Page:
I came on here for the first time in weeks this morning and noticed my previous post here was about the Flash Fiction story I intended writing and submitting for a local competition. Well, I thought maybe I should report, with pride i might add, that I managed to write the story and get it entered it on time.
Now I’m caught up with this whole Flash Fiction genre. I’m hooked. It’s not easy writing a story in less than 300 words. It’s challenging, but I loved every minute of it.
My next challenge is even shorter, 250 words, on the topic of Sugar. Sugar? What story can be constructed with sugar as a theme in less than 250 words? I have no idea, but as I have less than a week to write the story something had better pop into my mind soon!
For all New Zealand writers who haven’t heard, the NZ Flash Fiction Competition for 2014 is open. You have about a month to enter this competition. For guidelines, click on the following link. It’s open to New Zealand citizens and residents.
I love writing Flash Fiction. I like the discipline of choosing words carefully, making each one count. Not that I’m good at it at all, I simply get pleasure from writing it. This is so different from the daily writing I do here on my blog and other sites, where my thoughts spill onto the page without much precision at all. It’s definitely time for me to be disciplined again. If you’re at all interested in some of my ramblings the link below is as good a place as any to start.
So, my thinking cap is on, my pencils sharpened, paper at hand – I’m ready to write.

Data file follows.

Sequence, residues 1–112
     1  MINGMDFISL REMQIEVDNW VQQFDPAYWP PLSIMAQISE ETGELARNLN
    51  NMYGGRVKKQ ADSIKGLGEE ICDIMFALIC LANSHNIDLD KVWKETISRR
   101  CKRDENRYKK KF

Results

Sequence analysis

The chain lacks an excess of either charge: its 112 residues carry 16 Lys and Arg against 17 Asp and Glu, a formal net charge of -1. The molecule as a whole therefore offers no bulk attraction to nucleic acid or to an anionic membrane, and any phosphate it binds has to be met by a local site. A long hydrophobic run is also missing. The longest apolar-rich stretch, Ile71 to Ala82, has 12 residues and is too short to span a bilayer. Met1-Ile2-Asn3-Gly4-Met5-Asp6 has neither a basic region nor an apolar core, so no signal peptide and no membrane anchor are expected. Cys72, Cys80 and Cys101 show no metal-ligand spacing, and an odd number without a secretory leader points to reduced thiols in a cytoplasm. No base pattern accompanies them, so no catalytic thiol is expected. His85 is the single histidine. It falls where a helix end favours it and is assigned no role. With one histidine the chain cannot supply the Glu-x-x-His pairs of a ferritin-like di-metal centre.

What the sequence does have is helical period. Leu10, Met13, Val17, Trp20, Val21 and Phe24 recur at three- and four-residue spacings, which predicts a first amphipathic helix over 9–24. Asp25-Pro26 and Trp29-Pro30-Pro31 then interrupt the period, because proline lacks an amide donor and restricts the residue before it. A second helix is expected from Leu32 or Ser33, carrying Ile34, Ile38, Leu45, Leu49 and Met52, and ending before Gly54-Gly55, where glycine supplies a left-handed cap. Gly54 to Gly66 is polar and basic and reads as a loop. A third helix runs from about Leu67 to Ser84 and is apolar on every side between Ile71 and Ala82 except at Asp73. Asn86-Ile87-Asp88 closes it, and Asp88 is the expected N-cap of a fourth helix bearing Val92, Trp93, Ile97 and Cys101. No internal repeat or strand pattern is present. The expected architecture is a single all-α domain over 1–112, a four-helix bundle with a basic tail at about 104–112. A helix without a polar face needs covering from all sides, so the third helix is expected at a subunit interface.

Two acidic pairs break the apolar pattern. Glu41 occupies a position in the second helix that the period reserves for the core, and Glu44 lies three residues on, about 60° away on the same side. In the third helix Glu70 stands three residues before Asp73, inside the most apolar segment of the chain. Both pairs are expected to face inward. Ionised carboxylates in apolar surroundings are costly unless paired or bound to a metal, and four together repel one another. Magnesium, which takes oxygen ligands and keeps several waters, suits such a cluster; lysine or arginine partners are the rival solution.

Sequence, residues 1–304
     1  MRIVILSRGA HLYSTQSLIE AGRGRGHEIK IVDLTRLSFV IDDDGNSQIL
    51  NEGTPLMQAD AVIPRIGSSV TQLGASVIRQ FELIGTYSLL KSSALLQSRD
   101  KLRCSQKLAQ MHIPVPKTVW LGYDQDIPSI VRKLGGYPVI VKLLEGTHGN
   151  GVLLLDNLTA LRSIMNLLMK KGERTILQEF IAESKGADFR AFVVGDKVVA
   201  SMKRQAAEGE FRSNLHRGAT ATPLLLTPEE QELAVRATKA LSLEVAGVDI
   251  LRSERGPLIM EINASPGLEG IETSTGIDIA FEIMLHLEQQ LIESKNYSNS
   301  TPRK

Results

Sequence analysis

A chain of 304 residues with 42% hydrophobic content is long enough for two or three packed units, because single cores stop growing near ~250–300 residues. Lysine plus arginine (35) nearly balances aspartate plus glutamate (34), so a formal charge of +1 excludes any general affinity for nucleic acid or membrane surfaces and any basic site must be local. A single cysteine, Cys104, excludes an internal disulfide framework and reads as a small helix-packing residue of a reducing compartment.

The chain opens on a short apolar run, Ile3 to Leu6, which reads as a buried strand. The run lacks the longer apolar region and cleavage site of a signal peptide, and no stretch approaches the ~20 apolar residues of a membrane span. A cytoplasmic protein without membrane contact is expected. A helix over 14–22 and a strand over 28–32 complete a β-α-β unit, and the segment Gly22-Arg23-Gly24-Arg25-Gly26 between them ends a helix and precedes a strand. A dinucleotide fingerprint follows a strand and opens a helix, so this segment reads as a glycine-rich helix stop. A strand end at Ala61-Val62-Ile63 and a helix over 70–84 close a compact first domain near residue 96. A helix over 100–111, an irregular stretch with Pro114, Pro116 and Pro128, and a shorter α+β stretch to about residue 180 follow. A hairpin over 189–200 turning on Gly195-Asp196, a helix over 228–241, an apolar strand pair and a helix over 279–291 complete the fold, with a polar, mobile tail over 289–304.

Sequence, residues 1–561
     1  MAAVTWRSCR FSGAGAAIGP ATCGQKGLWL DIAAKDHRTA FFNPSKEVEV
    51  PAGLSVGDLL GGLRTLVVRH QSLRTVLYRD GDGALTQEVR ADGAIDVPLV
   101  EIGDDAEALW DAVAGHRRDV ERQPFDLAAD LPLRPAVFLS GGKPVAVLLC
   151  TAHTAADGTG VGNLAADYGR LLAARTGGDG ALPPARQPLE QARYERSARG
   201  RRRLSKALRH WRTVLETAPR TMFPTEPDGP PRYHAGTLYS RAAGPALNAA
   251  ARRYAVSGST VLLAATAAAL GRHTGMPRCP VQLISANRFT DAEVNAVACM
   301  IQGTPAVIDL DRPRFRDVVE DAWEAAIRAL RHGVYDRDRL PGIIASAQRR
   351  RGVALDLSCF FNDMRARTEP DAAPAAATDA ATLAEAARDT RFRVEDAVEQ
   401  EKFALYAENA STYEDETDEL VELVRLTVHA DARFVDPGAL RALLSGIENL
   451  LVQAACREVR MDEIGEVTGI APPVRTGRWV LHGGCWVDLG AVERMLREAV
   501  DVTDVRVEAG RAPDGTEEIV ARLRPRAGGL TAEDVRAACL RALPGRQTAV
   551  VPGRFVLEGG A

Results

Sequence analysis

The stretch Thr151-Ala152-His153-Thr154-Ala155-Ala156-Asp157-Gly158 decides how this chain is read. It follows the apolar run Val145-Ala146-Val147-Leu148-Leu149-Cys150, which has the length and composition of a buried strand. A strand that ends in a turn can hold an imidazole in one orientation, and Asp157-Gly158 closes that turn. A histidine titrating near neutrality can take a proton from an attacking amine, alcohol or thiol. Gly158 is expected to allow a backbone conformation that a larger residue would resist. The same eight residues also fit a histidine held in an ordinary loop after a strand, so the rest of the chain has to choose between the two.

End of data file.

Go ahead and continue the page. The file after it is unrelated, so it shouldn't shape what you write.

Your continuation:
Quite often people think they don’t remember much about their past, but that could be because they are out of practice. In my experience, the more I write my stories down, the more twice as many memories come flooding in.
If you think about it, memory prompts are everywhere. No matter what you do, or where you go, it’s likely you did something in your childhood or younger life, or maybe a family member did something, similar to what is happening now.
Take this afternoon for example. I’ve just been watching the women finishing in the World triathlon Series race here in New Zealand. This not only made me remember my days as a young competitive swimmer, but also in adulthood as a Masters Swimmer. Then there are the memories of women’s triathlons and fun run and walk events I’ve participated in.
If you really want to write your life stories but don’t know where to start, I recommend you start looking at the things around you. Then, consider whether anything similar happened in your own life. Open your mind to memory prompts and start writing your stories.
Myself and two friends, after our first team triathlon effort, about ten years ago.
While people in the northern hemisphere are delighted by the arrival of Spring, I’m equally delighted at the arrival of autumn down here in New Zealand. I love autumn, it’s definitely my favourite month.
I love the settled weather, the lingering of the last of the sunshine, the colours and the general slowing down as we move into winter.
I sat drinking coffee at one of my favourite cafes this morning, writing and trying to recall any autumn memories from childhood. Then a sudden rush of times gone by hit me. I was sitting not too far from a rather vivid autumn leaf memory. You can read about it here.
So, whether you’re moving into Spring or Autumn, celebrate the moment. Enjoy each season for what it is.